ILDA and Web app
Since the last post we did a lot of tests in real situation, namely with several programs running on the board. We deemed that the operation to translate a text to an ILDA animation tends to be far too slow that’s why we decided to rely on a web app based on the google appengine api for Python. Yesterday, we turned words into action and started to create the web app and a proxy in the card to query the webapp or in case of a failure, redirect request to the embedded slow instance of the program. We did deploy the web app on appspot.com and our first tests tend to confirm that the service is accelerated by a factor of 30 to 60 depending on the load of the board. We did realize a website to present our restfull API to that webapp and we will put it online as soon as possible.
As far as website are concerned, we want to introduce our brand new website. Feel free to comment or share any kind of feedback.
We hunted some bugs in our code and yet it works better and we don’t intend to make any kind of fix on it till the presentation.
DMX and additional board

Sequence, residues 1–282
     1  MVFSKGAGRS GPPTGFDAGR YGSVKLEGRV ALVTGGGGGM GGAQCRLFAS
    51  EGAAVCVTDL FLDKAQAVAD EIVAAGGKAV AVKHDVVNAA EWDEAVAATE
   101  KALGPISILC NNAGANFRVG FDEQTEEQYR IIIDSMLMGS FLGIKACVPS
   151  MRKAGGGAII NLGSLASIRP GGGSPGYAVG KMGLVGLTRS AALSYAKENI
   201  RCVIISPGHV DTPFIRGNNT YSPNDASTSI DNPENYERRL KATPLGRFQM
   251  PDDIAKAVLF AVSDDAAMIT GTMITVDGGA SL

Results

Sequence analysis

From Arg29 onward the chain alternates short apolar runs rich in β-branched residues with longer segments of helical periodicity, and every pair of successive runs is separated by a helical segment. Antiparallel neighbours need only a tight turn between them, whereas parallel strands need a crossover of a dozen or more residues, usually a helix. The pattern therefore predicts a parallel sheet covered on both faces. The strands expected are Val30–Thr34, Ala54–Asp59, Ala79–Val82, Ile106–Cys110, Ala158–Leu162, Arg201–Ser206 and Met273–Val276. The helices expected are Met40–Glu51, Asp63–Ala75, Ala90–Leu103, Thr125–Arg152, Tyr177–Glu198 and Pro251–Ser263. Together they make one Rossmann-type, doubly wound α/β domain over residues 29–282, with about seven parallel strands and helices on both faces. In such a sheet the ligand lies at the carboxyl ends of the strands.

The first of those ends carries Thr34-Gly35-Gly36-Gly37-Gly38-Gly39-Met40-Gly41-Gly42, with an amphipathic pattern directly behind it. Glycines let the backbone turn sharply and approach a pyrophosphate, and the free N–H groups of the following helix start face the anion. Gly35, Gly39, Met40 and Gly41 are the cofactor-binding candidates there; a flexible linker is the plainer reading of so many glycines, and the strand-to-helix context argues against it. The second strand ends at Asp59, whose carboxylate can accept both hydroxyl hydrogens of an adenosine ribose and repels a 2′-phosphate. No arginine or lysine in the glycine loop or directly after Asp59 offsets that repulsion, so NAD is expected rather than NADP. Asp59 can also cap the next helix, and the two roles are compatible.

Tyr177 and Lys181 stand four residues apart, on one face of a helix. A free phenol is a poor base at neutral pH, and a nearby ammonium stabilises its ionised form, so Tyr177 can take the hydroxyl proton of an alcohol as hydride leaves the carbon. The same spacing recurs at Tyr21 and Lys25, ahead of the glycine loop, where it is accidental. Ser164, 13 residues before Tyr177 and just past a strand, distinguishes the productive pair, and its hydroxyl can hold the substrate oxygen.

We have contacted TSM and we will be able to try our code with real equipments.
We can communicate with our additional board via Zigbee. We have now to connect this feature with the other parts of the project with 0MQ.
Our software fifo works, we are putting all the pieces together to make our « driver/conductor/leader » module which will manage all the features of the project.
Today we’ll stick the pieces, it’s a milestone !
In our last article we described some ways to enhance the display of a text scrolling smoothly.
We actually tried several possibilities of settings for the scrolling text and finally found a convenient one (as shown on the video above).
We did some major improvements concerning the speed of the code on the card succeeding in speeding it by a factor of 5. We deemed that a major issue of that program lays on the access time of the memory. Indeed it takes more than 20 seconds to write an ILDA file of a tweet from the ram to the flash. Samuel suggested that we could use a socket to directly send the ILDA file from the python script to the C program in charge of the FPGA communication. In fact, with such a strategy we would avoid the slow speed flash access and be able to send a tweet to the laser around 30 seconds after its validation.
In addition we’re going to add some bit stuffing to make the frames equally populated in terms of points so as to assure a constant frame rate. You can easily notice that disturbing effect on the video above.
In parallel, we’re getting familiar with the DMX protocol and are working on the DMX board.